Reviewing is something of a solitary habit, so it's good when an opportunity arises to test something with five friends over an extended period of time. In this case, it was the new, fourth iteration of the Dungeons and Dragons pen-and-paper roleplaying game (actually it's the seventh, but we won't dwell on that). I got into playing D&D back in school with 2nd Edition about fourteen years ago and we got used to changing rules systems every few years: we took on board a lot of changes from the '2.5' rules set (the Player's Option/DM's Option books), gratefully changed over to 3rd Edition and incorporated some, but not all, of the 3.5 edition rules as well. Along the way we have played many other RPGs, running from the World of Darkness games through the splendid Deadlands, the old-school Robotech, Cyberpunk, Star Wars (West End rules, obviously) and a number of the D20 games, including Wheel of Time, Judge Dredd and Babylon 5.
Let there be no mistake, D&D 4th Edition has been the most controversial new edition in the game's history. The flamewars on various Internet sites have been something to behold, with the fans of 4E accused of being simplistic morons who want to turn the game into World of WarCraft and the antis accused of being terrified of change. The change-over from 2nd to 3rd Edition, which was pretty controversial at the time, had absolutely nothing on this. I'm trying to take a balanced view in my approach and sum up what I find to be good and bad with the game.
First off, even the most ardent fans of 3rd Edition had to admit there were substantial flaws with the game. Preperation time for DMs was quite high, characters ascended levels very quickly unless you constantly gave them weak opponents to fight or changed the XP tables, and although the core classes and prestige classes were nicely balanced, some of the prestige classes in the add-on books were broken. In addition, multiclassing, although a vast improvement on the abomination of 2nd Edition, still didn't work as well as it should have done. The changes for 3.5 fixed some of these issues but a lot of the core problems remained.
4th Edition does successfully answer some of these issues. Level advancement is now very slow. After four sessions and killing dozens of enemies between us and achieving several major story and campaign goals, we still hadn't hit 2nd Level. Making a campaign last a decent, long time with 4E isn't an issue, which is good. We didn't get a chance to test multiclassing in the game, but the way it works does seem to be reasonable, giving you some major abilities from another class without totally destroying your levelling rate in your primary class, leaving you underpowered compared to the rest of the party. Preperation time for DMs is also much reduced. In fact, 4E seems to be a lot easier for DMs to prepare campaigns for all-round, thanks to the completely different track that monsters and NPCs work under, and that is a good thing as well. Unfortunately, character generation, which was supposed to be streamlined for this edition, still takes about as long as 3E. Although 3E's confusing morass of skills has been streamlined (a good idea, although some extremely useful skills were lost in the process) and the feats have been toned down, the new class powers have replaced them.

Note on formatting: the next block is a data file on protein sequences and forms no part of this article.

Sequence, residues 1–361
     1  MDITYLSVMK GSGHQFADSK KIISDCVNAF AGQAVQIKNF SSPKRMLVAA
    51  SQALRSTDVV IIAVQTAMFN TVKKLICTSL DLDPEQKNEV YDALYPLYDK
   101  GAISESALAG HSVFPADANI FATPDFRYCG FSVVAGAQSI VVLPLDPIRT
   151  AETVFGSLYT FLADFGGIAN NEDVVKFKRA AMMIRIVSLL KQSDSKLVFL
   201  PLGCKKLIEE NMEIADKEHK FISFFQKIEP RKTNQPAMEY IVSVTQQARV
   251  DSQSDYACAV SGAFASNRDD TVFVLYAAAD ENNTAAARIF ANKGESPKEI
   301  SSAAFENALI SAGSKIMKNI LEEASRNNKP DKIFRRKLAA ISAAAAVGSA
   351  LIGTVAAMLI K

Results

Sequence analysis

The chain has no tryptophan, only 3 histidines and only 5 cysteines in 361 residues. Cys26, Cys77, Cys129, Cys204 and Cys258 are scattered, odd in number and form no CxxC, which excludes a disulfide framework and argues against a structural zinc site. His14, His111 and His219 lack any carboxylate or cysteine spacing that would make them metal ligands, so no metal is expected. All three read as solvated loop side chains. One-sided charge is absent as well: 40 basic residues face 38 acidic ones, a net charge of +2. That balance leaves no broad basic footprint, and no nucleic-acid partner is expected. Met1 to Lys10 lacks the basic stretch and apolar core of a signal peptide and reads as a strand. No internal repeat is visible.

Some sacred cows have been killed along the way, which although admirably bold does lead one to ponder if the resulting game can be called D&D any more. The Vancian magic system is out. Given it was one of the cornerstones of the game, it's a pretty radical change. Some people hated it as being illogical, but the variation on it they brought in for 3E worked pretty well in my opinion, and many iconic spells are now gone. In fact, spells don't exist any more. They're either wizard or cleric powers they can use at will, once per combat or once per day, or they're 'rituals'. It's a very interesting idea that more or less works, but it does feed into the overwhelming 'balance' problem of the game, which I'll come to momentarily. Other big changes including the temporary removal of some core classes and races, but it's okay as they'll be back in another book you can pay more money for, the permanant removal of others (the new system doesn't really allow for sorcerers, for example) and the new way healing is approached. Fed up with the cleric being treated as the party medpack, the creators have changed things so that every character can heal 25% of their hit-points at will, several times a day or once per combat. Clerics and paladins can do a bit more healing than that, but essentially PCs are going to stay on their feet a lot longer than in 3E.